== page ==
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Clever cyber criminals scam iTunes for “Madonna-level” royalties

Originally published in the Los Angeles Daily Journal in April, 2012

By Nickolas Solish

 

In an era when most cyber-criminals are ordinary people accused of violating copyright through illegal downloading, an Internet-savvy group has found a novel way to defraud the online music world.  A group of twelve criminals worked out a unique scheme to defraud major music sellers through an elaborately devised method of laundering money.

The hooligans took advantage of online music vendors, iTunes and Amazon, by putting their own music up for sale and then using stolen credit cards to purchase it, receiving payments in royalties.

The gang of 12 was led by 24 year-old Craig Anderson, who organized the scheme and purchased two-dozen laptops to carry it out.  Anderson recruited the rest of his “team” to purchase the music using stolen credit card numbers.  In an attempt to avoid unwanted attention, each purchase was under £10 and the IP address of each computer was masked using a website called Hide My IP.

During 2008 and 2009, the group brought in £500,000 in royalty payments from the illegal purchases. The tip-off for iTunes was when they realized just how much in royalties they were paying to “DJ Denver,” a small, unheard of musician from Wolverhampton, England. The frequency and amount of royalty payments matched what iTunes pays to artists like Madonna.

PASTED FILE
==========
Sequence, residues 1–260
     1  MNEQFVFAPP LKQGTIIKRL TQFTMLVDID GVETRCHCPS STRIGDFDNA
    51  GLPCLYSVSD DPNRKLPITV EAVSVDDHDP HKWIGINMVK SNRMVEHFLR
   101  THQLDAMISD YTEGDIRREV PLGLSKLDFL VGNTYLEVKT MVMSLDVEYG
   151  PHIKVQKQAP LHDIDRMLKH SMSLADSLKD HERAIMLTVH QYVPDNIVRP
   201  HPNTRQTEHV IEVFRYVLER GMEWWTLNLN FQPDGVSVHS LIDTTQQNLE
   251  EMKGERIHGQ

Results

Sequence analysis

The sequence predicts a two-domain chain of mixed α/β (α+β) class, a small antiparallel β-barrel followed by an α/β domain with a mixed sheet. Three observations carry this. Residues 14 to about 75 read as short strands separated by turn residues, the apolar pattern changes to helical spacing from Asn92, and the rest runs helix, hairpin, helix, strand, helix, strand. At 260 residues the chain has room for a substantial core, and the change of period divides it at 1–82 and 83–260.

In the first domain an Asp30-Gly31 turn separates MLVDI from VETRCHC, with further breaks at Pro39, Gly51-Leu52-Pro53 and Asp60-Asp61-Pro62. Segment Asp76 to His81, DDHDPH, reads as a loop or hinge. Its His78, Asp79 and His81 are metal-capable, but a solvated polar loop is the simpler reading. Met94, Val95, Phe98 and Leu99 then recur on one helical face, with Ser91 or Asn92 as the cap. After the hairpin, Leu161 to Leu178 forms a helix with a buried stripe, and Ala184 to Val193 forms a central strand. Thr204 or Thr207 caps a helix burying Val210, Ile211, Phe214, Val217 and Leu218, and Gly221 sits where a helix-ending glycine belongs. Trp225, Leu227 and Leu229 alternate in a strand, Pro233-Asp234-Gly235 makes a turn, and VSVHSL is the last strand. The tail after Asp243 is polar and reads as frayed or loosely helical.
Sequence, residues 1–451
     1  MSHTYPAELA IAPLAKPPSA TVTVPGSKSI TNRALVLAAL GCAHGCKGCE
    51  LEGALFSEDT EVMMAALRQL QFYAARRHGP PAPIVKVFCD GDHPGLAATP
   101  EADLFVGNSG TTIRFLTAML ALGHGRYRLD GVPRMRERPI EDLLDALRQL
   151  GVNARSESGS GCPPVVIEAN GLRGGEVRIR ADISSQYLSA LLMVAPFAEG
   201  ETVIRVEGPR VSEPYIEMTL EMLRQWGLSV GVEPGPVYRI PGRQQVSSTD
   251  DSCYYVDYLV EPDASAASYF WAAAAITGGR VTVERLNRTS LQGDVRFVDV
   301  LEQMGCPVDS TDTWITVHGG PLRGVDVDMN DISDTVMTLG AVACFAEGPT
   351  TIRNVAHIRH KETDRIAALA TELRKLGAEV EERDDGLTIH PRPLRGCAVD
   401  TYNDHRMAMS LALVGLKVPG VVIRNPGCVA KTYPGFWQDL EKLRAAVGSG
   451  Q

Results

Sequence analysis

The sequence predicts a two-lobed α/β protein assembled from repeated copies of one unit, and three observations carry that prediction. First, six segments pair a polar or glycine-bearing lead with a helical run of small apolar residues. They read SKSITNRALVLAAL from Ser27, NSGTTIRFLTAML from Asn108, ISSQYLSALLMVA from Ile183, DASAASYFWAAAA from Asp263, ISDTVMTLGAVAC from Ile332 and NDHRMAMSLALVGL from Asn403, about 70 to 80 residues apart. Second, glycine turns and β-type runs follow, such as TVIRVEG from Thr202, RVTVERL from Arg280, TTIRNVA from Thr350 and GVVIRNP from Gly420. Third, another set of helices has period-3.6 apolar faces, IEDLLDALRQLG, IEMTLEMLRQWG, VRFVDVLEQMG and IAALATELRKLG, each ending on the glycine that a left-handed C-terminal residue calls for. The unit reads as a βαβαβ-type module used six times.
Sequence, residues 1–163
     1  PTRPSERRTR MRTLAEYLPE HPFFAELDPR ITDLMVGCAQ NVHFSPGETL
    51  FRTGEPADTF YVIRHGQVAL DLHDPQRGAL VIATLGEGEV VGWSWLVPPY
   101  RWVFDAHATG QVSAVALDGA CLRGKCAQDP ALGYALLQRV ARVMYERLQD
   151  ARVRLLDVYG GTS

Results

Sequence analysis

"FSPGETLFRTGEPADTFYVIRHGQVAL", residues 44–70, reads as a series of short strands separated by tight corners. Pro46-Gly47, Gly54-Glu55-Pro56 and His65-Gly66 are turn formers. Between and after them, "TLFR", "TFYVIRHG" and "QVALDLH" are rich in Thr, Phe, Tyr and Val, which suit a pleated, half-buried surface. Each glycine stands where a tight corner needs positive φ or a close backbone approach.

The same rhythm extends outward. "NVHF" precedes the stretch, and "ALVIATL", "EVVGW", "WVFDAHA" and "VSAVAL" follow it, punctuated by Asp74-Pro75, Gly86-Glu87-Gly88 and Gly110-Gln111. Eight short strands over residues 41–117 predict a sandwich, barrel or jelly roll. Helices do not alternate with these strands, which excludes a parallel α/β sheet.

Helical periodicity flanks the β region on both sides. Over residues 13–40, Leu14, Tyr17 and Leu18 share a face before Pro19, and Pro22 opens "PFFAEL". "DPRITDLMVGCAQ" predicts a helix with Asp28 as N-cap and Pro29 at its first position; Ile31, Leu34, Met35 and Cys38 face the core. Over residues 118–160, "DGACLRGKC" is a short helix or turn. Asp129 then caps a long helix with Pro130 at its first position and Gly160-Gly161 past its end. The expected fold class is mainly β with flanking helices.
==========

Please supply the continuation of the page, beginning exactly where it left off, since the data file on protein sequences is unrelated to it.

Authorities noticed that DJ Denver was selling so well he was charting on high-volume download sales charts.

The scheme cost iTunes and Amazon between £750,000 and £1 million, according to English prosecutors. Interestingly, the thieves’ attempt to use the Hide My IP website backfired, as it failed to mask their computers’ specific IP addresses. The police were able to trace the purchases back to the computers and link them with Paypal addresses, which lead them to the gang.

Once the scheme was discovered, royalty payments were withheld, at which point a “Daniel Thompson” called Tunecore demanding payment of the outstanding royalties. Unbeknownst to him, Tunecore was aware of the fraud and persuaded him that the only way he could get his royalties was if he flew to New York to pick them up.

Tunecore offered to send him free plane tickets, at which point he gave he real name and address. From there, the police were able to uncover the entire scheme, netting twelve people total involved.

Ringleader Anderson was given a four year and eight month prison sentence. The musician who provided the songs was one James Batchelor, who pled guilty to conspiracy to defraud and received a two-year sentence. Other members of the group were given suspended sentences and ordered to do community service.

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